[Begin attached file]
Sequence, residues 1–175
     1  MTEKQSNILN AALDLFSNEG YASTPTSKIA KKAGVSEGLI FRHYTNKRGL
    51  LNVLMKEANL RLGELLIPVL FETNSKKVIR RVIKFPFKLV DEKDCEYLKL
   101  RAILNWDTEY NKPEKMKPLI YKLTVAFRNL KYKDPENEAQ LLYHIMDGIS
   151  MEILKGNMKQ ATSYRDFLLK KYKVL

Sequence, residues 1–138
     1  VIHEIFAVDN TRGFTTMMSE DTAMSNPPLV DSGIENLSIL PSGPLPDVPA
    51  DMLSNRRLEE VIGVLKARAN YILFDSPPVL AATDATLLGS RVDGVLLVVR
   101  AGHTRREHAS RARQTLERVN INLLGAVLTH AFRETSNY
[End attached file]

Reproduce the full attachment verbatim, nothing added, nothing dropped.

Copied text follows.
Sequence, residues 1–175
     1  MTEKQSNILN AALDLFSNEG YASTPTSKIA KKAGVSEGLI FRHYTNKRGL
    51  LNVLMKEANL RLGELLIPVL FETNSKKVIR RVIKFPFKLV DEKDCEYLKL
   101  RAILNWDTEY NKPEKMKPLI YKLTVAFRNL KYKDPENEAQ LLYHIMDGIS
   151  MEILKGNMKQ ATSYRDFLLK KYKVL

Sequence, residues 1–138
     1  VIHEIFAVDN TRGFTTMMSE DTAMSNPPLV DSGIENLSIL PSGPLPDVPA
    51  DMLSNRRLEE VIGVLKARAN YILFDSPPVL AATDATLLGS RVDGVLLVVR
   101  AGHTRREHAS RARQTLERVN INLLGAVLTH AFRETSNY